It's ridiculous that big-money donors now have the ability to donate an unlimited amount of max-out donations to candidates. With no limit on aggregate contributions, the influence of money overpowers the influence of the voters.

Despite what the high court believes, money doesn't equal speech. Everyday people, especially college students like me, do not have big money to spend on funding candidates. Erasing campaign-finance reforms creates an inequitable system where my speech is deemed less valuable than those who can contribute massive donations.

If campaign finance continues to be deregulated, I and other students will be left politically voiceless.

— Mackenzie Johnson, Scottsdale

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Regarding "More lawmakers pushing identical bills written by national groups" (Republic, April 5):

The expanding influence of the American Legislative Exchange Council and model-bill drafting concerns me as an issue that imposes national agendas upon regional politics. This, in combination with the recent Supreme Court ruling on the McCutcheon case, only further increases national and outside pressures to peddle mandated agendas, making our state a battleground for issues that are not brought up by Arizona voters. Keep Arizona politics about Arizona.

— Edison LinGilbert

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The U.S. Supreme Court has dealt another blow to legal limits on campaign contributions. In a 5-4 ruling Wednesday morning, Justice Anthony Kennedy joined with the court’s conservatives to strike down the aggregate limits on campaign contributions. In English, that’s the cap on how much total money you can donate to candidates and committees during a two year campaign cycle. While caps on individual donation amounts are in still in place, the move will allow donors to give overall to more candidates and causes. Sam Wercinski, executive director of the Arizona Advocacy Network and political consultant Sean Noble talked about the decision.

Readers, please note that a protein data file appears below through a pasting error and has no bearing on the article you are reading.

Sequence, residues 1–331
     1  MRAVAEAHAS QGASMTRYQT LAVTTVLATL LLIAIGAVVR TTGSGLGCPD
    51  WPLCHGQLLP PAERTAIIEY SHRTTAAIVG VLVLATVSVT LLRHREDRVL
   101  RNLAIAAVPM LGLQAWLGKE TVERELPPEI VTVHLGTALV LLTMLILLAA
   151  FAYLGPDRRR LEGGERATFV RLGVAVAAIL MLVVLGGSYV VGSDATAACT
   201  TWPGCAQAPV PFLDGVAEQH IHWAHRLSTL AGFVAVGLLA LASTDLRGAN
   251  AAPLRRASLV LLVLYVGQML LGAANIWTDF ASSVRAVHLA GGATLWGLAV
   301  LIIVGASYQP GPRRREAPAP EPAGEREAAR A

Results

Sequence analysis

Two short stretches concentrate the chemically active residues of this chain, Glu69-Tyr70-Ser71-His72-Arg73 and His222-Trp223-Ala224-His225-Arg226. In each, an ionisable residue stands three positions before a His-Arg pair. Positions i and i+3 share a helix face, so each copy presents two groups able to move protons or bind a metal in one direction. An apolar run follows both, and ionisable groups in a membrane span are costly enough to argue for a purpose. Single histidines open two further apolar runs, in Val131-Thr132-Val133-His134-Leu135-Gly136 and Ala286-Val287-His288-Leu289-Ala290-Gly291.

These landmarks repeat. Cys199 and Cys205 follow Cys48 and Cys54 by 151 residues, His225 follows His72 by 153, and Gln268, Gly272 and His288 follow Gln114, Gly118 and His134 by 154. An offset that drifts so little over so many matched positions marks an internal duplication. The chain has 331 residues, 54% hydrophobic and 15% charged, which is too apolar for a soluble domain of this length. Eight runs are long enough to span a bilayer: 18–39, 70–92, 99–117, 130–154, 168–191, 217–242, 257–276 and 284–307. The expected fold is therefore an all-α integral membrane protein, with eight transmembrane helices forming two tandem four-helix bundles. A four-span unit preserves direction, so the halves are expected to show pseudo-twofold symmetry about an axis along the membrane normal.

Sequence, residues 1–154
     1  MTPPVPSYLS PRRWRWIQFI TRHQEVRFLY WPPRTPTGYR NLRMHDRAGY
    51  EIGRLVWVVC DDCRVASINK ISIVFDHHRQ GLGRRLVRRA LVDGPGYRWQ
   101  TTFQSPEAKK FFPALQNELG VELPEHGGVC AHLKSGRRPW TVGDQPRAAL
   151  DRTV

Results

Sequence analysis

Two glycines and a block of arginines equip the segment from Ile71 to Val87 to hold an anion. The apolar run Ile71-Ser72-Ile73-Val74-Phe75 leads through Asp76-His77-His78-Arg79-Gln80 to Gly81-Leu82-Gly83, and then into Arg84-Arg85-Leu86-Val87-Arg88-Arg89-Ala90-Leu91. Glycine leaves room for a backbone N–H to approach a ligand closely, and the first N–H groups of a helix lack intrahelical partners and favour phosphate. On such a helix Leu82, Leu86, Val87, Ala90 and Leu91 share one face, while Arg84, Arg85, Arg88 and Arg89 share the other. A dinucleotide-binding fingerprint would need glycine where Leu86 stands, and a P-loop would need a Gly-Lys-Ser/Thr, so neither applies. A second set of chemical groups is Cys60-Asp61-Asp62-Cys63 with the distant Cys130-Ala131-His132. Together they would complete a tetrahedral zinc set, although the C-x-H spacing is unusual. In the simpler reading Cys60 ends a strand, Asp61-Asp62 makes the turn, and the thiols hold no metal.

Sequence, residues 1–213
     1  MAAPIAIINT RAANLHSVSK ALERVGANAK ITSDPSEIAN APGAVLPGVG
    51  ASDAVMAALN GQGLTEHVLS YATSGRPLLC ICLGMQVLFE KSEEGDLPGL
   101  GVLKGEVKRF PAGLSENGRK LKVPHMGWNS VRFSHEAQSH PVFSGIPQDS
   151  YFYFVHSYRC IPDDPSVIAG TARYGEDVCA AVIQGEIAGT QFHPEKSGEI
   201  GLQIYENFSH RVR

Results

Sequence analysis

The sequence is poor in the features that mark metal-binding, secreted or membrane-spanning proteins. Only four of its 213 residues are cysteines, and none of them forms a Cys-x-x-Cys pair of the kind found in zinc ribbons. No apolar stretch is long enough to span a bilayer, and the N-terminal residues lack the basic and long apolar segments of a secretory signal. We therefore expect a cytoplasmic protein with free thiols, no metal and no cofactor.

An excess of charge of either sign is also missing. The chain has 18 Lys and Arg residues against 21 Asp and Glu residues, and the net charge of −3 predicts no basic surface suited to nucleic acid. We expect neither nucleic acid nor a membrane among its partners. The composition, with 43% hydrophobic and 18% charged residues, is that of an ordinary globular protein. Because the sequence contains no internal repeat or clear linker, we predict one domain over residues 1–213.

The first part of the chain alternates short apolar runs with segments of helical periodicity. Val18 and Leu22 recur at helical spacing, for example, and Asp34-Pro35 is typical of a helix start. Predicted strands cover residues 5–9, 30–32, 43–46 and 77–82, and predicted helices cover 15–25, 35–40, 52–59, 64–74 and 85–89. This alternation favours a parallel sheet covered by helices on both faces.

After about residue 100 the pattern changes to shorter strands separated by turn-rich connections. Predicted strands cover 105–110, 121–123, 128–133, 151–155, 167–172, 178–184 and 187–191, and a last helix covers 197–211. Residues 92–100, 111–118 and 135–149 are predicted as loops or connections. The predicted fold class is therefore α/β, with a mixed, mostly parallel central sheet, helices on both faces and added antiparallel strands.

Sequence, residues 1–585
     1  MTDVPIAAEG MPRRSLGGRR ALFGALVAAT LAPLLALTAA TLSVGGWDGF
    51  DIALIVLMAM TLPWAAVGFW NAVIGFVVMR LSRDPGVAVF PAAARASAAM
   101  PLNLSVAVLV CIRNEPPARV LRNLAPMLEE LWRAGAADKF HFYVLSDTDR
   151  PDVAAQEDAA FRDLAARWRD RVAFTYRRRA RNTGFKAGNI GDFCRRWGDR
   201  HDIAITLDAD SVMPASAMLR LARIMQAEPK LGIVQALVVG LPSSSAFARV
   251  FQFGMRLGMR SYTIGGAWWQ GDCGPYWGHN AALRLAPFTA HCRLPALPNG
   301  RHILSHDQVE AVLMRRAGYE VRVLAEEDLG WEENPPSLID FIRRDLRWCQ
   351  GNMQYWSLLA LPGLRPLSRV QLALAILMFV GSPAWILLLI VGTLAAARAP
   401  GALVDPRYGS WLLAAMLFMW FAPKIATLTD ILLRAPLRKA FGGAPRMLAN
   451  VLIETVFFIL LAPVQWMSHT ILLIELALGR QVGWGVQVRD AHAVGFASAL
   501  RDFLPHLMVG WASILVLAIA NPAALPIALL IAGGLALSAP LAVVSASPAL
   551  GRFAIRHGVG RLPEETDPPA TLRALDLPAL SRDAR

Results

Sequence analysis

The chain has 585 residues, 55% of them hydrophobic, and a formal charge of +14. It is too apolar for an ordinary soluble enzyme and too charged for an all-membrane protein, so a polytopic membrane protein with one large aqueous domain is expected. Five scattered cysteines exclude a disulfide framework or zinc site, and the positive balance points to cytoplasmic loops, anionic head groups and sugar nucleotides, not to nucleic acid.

LISTEN HEREhttp://kjzz.org/sites/default/files/hn0402_elexmoney.mp3

 

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PHOENIX – (March 19, 2014) – With the filing deadline less than three months away, the Citizens Clean Elections Commission, the state agency that administers the Citizens Clean Elections Act, reminds potential candidates that public financing is available to run for legislative and statewide offices in 2014.

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"There are going to be unnecessary burdens imposed on citizens," said Sam Wercinski, executive director of the Arizona Advocacy Network, which has been fighting the stricter voter-registration rules since 2005. Wercinski and other critics say voters already attest to their citizenship twice when they fill out the federal form. They must check a box indicating they are a U.S. citizen and they sign the form, affirming they have answered truthfully, under penalty of perjury. "They sign under oath," Wercinski said. "In America, does our signature under oath no longer hold any weight?"